Article Comment 

NCAA rules Auburn's Cam Newton eligible to play

 

The Associated Press

 

AUBURN, Ala. -- The NCAA has determined that the father of Auburn quarterback Cam Newton broke rules by shopping his son to Mississippi State, but that the overwhelming Heisman Trophy favorite apparently didn''t know about it. 

 

The college sports governing body said Wednesday that Newton is eligible to play for the second-ranked Tigers in the Southeastern Conference championship game against South Carolina on Saturday. 

 

The NCAA had concluded on Monday that a violation of Newton''s amateur status had occurred. A day later, Auburn declared Newton ineligible and requested his eligibility be reinstated. 

 

The Heisman front-runner now has been cleared to compete without conditions with his team a win away from playing for a BCS title. 

 

"Based on the information available to the reinstatement staff at this time, we do not have sufficient evidence that Cam Newton or anyone from Auburn was aware of this activity, which led to his reinstatement," Kevin Lennon, NCAA vice president for academic and membership affairs, said in a news release. 

 

"From a student-athlete reinstatement perspective, Auburn University met its obligation under NCAA bylaw 14.11.1. Under this threshold, the student-athlete has not participated while ineligible." 

 

The NCAA won''t say its case is closed on Newton. However, its statement notes that reinstatement likely occurs "prior to the close of an investigation." 

 

It''s at least a temporary alleviation of fears that Auburn''s 12 wins so far -- and any titles won -- would wind up being vacated if the NCAA found that Newton had been ineligible because of violations committed before signing with the Tigers last New Year''s Eve.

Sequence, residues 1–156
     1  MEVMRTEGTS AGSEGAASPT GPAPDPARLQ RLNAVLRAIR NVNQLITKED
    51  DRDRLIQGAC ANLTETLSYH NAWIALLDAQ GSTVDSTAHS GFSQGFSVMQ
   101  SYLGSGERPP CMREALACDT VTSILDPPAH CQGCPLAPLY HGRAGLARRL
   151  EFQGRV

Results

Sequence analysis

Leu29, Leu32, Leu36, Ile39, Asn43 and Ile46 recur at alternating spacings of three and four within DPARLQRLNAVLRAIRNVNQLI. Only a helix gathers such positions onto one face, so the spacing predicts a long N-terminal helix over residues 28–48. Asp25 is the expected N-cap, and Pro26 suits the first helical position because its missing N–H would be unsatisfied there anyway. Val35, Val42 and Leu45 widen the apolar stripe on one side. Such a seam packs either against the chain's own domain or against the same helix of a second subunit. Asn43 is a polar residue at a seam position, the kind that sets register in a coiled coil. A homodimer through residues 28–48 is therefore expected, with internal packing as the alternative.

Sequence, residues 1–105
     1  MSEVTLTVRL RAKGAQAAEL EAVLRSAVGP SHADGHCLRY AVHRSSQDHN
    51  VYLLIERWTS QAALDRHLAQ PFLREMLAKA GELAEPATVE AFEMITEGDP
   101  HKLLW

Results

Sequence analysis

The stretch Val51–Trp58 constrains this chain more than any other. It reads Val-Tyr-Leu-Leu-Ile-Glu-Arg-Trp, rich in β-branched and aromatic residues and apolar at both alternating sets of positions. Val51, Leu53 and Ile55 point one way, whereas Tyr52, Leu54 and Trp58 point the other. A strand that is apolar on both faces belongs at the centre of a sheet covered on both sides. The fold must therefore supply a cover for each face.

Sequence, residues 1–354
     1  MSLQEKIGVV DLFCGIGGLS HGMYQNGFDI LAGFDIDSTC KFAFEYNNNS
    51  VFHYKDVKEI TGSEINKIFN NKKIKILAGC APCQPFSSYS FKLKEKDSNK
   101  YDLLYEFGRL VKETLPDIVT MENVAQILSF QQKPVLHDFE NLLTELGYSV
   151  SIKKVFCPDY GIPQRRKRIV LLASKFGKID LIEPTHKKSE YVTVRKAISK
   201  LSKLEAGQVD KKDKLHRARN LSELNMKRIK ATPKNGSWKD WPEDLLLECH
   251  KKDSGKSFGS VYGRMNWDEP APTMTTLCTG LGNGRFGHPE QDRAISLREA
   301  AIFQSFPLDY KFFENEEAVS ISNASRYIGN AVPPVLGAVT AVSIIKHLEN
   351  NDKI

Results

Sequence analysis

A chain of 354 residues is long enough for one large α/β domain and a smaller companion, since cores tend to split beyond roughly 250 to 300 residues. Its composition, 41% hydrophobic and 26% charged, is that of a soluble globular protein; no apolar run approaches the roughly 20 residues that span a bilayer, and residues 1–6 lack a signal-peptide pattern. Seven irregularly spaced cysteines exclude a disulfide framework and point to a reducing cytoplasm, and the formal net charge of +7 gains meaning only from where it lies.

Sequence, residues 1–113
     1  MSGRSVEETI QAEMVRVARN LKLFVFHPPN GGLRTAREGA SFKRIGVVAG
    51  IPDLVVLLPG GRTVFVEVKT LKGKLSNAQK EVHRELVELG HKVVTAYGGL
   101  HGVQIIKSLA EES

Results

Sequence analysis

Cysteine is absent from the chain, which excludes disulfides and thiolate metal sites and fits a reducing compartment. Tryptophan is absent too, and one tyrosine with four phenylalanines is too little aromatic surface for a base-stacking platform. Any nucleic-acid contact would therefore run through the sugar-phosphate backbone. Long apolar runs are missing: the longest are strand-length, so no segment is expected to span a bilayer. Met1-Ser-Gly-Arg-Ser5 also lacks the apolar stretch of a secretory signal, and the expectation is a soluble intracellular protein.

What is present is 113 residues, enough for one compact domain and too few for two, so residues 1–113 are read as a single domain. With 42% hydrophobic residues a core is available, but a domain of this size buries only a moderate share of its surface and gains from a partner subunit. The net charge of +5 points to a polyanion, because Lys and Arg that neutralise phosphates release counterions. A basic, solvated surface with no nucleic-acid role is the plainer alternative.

The NCAA became involved over the summer in the pay-for-play scheme that was discussed during Newton''s recruitment. Two Mississippi State boosters have accused Cecil Newton and former Mississippi State player Kenny Rogers of trying to get up to $180,000 for Cam Newton to play for the Bulldogs while he was being recruited out of junior college last year. 

 

The NCAA said Wednesday that Auburn and NCAA enforcement staff agreed that Newton''s father and an owner of a scouting service worked together on the scam. The NCAA did not name Rogers. 

 

Auburn has agreed to limit Cecil Newton''s access to its athletic program and Mississippi State has dissociated itself from Kenny Rogers, who worked for a sports agent. 

 

"The conduct of Cam Newton''s father and the involved individual is unacceptable and has no place in the SEC or in intercollegiate athletics," said Mike Slive, Southeastern Conference Commissioner. "The actions taken by Auburn University and Mississippi State University make it clear this behavior will not be tolerated in the SEC." 

 

It wasn''t immediately clear what access Cecil Newton would have at Auburn and school officials said they would have no immediate further comment.